Work to recharge your batteries, not accomplish more, says psychologist

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Registered psychologist Dr. Dayna Lee-Baggley says Nova Scotians are coping with a double tragedy right now.

On top of the impacts of COVID-19, which has caused 16 deaths in the province, residents are now trying to come to terms with the horrific massacre that took place on April 18 and 19.

“Even before the shooting happened we were under an incredible amount of stress because of the COVID pandemic,” Lee-Baggley tells NEWS 95.7’s The Todd Veinotte Show.

She says when the pandemic first began, there was lots of pressure to be your most productive self while spending more time at home.

“People talk about things like, ‘Oh we have so much extra time now you can do extra things,’” says Lee-Baggley. “But that’s not at all what it’s like. It’s really much more like being in the London Blitz, we’re under stress, we’re under threat.”

Lee-Baggley says this stress can affect human’s memory, concentration, and attention span, among other things.

“It’s okay to just kind of do what we need to to take care of ourselves, and also to really lover our expectations for what we can get done,” she adds.

With the news of the shooting developing every day, Lee-Baggley says it’s okay to tune out when things become overwhelming.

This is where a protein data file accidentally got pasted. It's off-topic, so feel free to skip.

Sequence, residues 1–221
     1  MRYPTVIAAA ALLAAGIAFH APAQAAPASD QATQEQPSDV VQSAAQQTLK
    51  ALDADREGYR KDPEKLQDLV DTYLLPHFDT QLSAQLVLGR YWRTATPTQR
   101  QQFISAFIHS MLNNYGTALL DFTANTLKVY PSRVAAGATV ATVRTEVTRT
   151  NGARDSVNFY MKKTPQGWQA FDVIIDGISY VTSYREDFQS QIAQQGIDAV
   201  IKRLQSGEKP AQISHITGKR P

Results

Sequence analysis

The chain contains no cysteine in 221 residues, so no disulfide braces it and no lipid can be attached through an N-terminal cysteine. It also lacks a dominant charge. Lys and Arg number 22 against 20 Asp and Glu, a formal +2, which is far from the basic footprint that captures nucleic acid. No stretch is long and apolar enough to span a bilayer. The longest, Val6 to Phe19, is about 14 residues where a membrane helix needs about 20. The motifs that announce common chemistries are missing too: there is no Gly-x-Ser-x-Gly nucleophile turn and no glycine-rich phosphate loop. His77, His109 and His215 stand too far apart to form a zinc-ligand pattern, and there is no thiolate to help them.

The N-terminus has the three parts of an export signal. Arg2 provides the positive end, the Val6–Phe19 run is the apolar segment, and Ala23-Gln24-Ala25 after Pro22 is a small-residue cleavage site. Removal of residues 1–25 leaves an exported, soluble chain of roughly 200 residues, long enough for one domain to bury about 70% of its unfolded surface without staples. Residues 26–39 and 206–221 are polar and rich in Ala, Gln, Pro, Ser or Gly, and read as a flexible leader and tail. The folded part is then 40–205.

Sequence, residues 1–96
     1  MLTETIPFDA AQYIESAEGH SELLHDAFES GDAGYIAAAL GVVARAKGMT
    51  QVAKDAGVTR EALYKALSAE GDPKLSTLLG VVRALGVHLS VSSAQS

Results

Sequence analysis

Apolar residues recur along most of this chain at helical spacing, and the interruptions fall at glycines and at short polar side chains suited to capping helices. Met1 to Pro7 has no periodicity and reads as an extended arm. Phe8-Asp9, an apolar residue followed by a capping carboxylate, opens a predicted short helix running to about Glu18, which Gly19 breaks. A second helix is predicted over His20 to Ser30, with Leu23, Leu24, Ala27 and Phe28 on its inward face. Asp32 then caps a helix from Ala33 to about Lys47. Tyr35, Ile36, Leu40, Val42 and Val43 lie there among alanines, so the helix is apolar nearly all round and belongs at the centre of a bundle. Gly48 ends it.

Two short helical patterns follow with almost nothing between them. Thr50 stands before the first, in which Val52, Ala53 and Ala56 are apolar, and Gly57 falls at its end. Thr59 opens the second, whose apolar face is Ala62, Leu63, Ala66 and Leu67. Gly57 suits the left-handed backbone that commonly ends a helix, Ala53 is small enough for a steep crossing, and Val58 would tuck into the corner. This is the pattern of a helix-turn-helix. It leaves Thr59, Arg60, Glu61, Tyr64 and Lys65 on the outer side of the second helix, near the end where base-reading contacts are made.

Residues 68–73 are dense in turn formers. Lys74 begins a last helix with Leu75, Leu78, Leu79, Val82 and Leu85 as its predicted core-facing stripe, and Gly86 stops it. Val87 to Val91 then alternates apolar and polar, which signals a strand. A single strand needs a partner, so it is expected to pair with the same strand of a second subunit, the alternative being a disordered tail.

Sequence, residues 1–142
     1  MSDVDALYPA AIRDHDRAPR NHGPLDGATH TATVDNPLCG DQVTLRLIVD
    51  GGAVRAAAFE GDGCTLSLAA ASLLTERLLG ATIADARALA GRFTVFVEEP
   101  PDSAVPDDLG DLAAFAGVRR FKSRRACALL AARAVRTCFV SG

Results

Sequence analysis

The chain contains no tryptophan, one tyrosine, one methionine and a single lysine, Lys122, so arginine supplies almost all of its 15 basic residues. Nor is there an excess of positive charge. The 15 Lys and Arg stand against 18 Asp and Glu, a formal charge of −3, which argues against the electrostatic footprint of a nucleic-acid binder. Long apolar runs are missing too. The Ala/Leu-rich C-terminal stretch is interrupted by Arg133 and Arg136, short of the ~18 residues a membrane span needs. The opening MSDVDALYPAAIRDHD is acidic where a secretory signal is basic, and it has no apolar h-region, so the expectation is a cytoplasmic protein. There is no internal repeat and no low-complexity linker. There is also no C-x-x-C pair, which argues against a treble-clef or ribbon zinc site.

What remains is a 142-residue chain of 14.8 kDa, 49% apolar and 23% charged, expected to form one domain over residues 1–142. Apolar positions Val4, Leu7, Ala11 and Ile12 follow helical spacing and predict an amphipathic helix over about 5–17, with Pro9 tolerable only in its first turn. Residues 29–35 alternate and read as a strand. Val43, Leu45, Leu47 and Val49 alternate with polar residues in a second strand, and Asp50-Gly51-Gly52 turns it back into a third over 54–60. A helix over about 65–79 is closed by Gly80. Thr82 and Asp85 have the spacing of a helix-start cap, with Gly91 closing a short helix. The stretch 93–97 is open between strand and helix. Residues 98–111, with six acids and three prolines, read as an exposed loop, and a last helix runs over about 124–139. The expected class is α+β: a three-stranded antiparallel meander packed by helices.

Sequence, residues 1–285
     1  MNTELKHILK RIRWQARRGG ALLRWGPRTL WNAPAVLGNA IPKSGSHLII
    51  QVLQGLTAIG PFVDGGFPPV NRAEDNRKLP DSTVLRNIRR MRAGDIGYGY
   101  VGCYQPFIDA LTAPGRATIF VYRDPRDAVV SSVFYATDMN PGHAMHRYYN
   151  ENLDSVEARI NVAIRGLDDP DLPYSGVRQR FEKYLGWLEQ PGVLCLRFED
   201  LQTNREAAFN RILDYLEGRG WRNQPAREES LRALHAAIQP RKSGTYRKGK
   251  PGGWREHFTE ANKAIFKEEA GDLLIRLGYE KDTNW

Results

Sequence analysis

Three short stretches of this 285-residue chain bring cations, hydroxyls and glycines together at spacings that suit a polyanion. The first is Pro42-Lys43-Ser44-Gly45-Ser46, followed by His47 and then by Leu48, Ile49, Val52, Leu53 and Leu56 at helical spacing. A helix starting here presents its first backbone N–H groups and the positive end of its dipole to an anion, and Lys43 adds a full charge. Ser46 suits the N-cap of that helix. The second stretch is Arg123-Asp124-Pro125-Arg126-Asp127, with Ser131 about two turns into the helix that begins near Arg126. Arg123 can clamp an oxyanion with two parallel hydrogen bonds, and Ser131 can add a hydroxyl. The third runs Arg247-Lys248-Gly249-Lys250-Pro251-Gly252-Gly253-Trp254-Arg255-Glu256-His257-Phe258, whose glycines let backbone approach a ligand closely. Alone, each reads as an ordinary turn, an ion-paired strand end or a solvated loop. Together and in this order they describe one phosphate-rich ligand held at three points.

“It’s okay, you know if you just need to take a break from it, it’s okay if you can’t take it all in, if you don’t want more information about it,” she says.

For many people, getting through the “routine” of their day can be draining enough on what Lee-Baggley calls their mental batteries.

“We use that up to get through our day, to control our behaviour, and our frontal lobes are incredibly tired because COVID takes so much energy from us,” she says. “If you think about just how much effort it takes to go to the grocery store now compared to what it used to take, our frontal lobes are incredibly tired.”

The psychologist says that re-charging these mental batteries can be done through simple pleasures like getting fresh air, or specific personal hobbies and interests.

“Typical things that will charge people's battery are things like eating good food, drinking water, maybe having a shower, getting dressed,” Lee-Baggley says.

However, what is a battery charge for one person, may drain another.

“For an extrovert, having a lot of social contact will be a charge. It might be a drain for an introvert,” she adds.

Lee-Baggley says humans are incredibly resilient in the face of the changes that have come with the pandemic.

“When you think of all the ways that we’ve adapted to COVID, and have found ways to make things happen, humans are very adaptable, they are very resilient,” she says.

For Nova Scotians, the mass shooting adds another layer on top of that.

“Part of what makes this so difficult is there’s all kinds of betrayals that happened because of the shooting and one of them is that he posed as somebody that we are supposed to trust,“ says Lee-Baggley.

But the psychologist says it’s important to re-charge to be able to cope with and make sense of new information.

“You have to use your frontal lobe to make that distinction, to remember that he behaved that way but generally the police and RCMP are people who help us,” she says. “Otherwise our ‘caveman brain’ takes over and is just afraid of everything.”

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